proper anchor for houseboat

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Hermine Tippel

Active Member
Help:
We lost an anchor and need to replace it and do not know the size and weight of the remaining anchor . We have a 37' houseboat. What size and weight is needed to safely anchor our boat? Thanks you for your help!!!!!!
Hermine Tippel
Oma's Haven
 
W

WaterDog19

Guest
Danforth Anchor has a good sizing chart for fluke anchors out to 50'. Just search Danforth Anchor sizing.

Rich
 

Rivergoer

Well-Known Member
My boat is similar size (36’x12’) and I’ve been using a pair of 22 lb Danforth fluke-style anchors for several years now (when unable to find an anchorage bordered by large boulders)

E93E61E8-185D-44EB-A001-C7010F6D5F22.jpeg
200’ of 1/2” line (each side) gives lots of options too.
 

Dave I.

Well-Known Member
Help:
We lost an anchor and need to replace it and do not know the size and weight of the remaining anchor . We have a 37' houseboat. What size and weight is needed to safely anchor our boat? Thanks you for your help!!!!!!
Hermine Tippel
Oma's Haven
I have several used ones here in the shop if you are on a budget. If you are on your way to the North end (Bullfrog) swing on by and I can set you up with one a lot cheaper than a new one would cost.
 

Hermine Tippel

Active Member
I have several used ones here in the shop if you are on a budget. If you are on your way to the North end (Bullfrog) swing on by and I can set you up with one a lot cheaper than a new one would cost.
That is really interesting. Thank you. We will be going to Lake Powell probably around April 10. Our Boat is in Dry Storage at Bullfrog. Where are you located? We are coming from Anthem Arizona, will probably take the ferry over from Hall's to Bullfrog Marina.
Thanks again,
Hermine Tippel
Oma's Haven
 

Endurance

Well-Known Member
We have Danforth anchors on our houseboat, but we use them as a last resort.

First choice for an anchor is no anchor at all. A Volkswagen-sized rock is better than the best anchor. In addition to the greater stability, the lack of digging is a big sell.

As a second choice, if I am on a sand beach with no rocks and have no better choice than to use an anchor, I will reach for a box anchor. They are lesser known than their more famous Danforth cousins, but are better suited to how we dig anchors into sand at Powell. If you haven't seen one, they look like this:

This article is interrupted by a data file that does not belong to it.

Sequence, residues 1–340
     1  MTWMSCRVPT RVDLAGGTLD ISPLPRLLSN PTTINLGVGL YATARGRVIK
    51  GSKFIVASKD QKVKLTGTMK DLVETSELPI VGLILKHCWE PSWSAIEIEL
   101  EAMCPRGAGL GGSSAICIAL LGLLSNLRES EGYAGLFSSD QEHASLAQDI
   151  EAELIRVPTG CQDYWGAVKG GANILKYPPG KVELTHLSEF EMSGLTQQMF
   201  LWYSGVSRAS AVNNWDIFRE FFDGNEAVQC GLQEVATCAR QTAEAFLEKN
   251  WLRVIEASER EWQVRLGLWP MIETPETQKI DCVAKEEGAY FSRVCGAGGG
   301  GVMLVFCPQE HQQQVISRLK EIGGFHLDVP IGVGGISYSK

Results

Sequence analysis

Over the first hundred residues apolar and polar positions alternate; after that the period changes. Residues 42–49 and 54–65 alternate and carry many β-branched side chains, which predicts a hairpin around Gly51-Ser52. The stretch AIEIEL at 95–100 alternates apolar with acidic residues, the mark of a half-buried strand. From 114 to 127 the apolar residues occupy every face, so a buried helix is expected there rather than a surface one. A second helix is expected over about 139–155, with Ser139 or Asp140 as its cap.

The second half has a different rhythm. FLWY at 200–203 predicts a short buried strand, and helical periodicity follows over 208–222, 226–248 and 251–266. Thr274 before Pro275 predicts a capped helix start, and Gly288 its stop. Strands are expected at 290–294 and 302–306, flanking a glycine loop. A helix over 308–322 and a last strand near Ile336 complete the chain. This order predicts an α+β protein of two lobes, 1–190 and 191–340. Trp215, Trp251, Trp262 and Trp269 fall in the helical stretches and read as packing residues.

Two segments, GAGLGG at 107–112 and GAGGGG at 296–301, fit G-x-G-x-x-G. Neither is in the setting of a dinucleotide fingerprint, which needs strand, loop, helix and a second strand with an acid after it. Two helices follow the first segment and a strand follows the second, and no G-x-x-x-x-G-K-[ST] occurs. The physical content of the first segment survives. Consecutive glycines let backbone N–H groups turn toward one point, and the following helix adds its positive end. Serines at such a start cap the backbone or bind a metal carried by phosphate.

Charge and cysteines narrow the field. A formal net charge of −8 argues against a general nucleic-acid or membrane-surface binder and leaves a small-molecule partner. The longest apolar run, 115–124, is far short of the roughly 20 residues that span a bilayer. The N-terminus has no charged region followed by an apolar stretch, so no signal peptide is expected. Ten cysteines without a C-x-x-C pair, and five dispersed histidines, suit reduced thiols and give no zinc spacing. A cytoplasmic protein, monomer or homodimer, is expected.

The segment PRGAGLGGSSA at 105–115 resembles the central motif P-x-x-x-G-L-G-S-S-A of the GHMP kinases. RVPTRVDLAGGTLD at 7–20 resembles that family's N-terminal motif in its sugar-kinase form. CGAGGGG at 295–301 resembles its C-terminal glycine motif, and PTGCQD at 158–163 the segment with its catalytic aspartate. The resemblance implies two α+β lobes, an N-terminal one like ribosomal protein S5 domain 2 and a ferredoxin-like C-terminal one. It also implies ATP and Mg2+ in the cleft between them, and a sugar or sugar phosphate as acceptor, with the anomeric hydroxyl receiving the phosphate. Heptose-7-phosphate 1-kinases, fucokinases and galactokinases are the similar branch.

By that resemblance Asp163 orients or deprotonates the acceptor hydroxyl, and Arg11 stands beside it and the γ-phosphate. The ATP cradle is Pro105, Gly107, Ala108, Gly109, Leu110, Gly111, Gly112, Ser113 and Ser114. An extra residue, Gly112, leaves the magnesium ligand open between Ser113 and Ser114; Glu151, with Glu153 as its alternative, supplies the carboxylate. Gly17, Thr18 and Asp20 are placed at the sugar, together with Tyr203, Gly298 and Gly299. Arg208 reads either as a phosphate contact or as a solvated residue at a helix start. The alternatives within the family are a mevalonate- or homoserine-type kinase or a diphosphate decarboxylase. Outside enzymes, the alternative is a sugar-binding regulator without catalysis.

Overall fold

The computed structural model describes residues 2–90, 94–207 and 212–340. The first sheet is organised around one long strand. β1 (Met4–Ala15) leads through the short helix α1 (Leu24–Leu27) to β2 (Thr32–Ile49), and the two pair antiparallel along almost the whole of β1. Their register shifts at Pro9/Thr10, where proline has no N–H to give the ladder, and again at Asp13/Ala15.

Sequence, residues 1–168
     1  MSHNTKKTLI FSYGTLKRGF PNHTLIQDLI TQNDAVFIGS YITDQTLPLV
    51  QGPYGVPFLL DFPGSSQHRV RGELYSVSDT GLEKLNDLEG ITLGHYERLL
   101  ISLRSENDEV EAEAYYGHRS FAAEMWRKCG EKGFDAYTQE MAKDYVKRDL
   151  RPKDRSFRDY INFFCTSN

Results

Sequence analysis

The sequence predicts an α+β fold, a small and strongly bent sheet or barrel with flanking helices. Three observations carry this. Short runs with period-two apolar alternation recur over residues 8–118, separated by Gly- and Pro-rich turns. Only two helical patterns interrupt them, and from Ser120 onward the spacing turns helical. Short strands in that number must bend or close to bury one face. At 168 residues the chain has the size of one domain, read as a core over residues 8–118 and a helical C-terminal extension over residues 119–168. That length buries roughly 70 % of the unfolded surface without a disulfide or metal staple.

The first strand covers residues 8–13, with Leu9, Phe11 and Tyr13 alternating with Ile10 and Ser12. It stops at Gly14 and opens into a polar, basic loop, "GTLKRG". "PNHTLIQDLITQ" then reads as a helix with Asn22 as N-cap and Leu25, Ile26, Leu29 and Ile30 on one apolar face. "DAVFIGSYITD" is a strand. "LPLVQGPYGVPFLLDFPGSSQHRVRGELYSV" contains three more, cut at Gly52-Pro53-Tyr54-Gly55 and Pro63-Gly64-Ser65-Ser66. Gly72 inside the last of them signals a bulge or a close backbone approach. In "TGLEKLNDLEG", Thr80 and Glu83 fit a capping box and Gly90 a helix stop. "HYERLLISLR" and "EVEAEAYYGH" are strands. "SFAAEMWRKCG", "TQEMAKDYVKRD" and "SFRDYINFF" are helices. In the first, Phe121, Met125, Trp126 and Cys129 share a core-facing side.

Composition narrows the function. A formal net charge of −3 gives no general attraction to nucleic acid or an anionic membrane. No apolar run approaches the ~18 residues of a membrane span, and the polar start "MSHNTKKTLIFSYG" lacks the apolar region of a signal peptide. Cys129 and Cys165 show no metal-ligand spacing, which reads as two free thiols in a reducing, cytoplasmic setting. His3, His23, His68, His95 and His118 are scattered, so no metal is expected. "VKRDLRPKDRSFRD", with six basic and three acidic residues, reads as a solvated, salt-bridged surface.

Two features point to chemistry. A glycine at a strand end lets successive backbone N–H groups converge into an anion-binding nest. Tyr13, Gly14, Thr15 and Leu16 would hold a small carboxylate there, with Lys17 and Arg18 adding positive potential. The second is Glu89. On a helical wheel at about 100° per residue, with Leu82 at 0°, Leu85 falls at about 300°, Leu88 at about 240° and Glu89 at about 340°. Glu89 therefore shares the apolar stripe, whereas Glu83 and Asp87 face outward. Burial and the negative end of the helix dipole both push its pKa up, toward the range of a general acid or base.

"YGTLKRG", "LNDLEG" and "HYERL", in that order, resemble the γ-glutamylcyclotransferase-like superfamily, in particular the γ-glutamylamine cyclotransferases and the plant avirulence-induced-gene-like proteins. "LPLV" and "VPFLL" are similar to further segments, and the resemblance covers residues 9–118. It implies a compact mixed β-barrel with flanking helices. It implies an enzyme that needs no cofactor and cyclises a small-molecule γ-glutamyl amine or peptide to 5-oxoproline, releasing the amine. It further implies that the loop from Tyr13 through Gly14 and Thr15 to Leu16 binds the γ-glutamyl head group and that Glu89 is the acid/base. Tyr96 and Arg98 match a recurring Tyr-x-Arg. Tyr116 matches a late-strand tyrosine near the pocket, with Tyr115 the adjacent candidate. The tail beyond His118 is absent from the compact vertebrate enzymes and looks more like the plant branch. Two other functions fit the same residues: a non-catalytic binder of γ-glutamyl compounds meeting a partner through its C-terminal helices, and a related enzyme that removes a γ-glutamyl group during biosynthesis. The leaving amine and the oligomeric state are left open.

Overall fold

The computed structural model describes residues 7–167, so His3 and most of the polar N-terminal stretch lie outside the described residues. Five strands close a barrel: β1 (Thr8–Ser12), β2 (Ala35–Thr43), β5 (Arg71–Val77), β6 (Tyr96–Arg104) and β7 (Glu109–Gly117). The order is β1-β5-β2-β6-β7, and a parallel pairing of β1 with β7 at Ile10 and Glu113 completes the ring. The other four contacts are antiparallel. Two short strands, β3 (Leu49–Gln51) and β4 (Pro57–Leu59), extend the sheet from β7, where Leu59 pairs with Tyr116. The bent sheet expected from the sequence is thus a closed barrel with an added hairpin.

18944959_0.jpg
As a last choice, I suppose if it came down to cancelling the trip or anchoring with a Danforth I would grudgingly use one, but they sit in the bottom of our anchor box, rarely -- if ever -- used.

The same design of a Danforth that makes them great at dragging along the bottom of the ocean and grabbing a rock causes issues when you try to dig them into sand. If you aim the flukes too low, the back of the anchor will lift and flip out of the sand. If the flukes are aimed too high, pulling on the anchor line will cause them to move upward like an airplane wing, rising up and out of the sand. If by some chance you get the angle of attack just right, you stand a good chance of bending the little "axle" in the middle of the Danforth that allows it to pivot. You will see a good example of the start of this on one of the Danforths in Dave's photo.

It seems like I am saying that a Danforth is a bad anchor. Actually, I think they are a fine anchor. They are just ill-suited to the way we dig anchors into sand at Powell. The flukes on a box anchor are equally angled up and down and oppose each other. That makes them tend to stay put when you dig them into sand. A Danforth would be better suited at hooking over a rock, but if you have a rock big enough to hook a Danforth over, I would rather skip the anchor and just tie around the big rock.

I know that what I am saying borders on blasphemy. After all, the Danforth is the image that jumps into all our heads when we think of anchors. But for the unique needs of Powell, there is a more excellent way. That's my take after 48 years at Powell, for what that's worth.
 

Dave I.

Well-Known Member
Endurance does make some mightly fine points. The Volkswagen sized rocks are always the best anchors.

On a side note (and a little off topic), I have a pair of Danforths on my service/rescue truck. Not that I ever expect it to float but I have had great luck with them when it decides to sink in the mud. With a little digging and burying, they have pulled my 12k truck out of the mud.

What ever you decide to do, please don't be the jerks that drill and install permanent spikes. Besides which, I believe that is illegal anyways. Kinda like Drone flying. ;)
 
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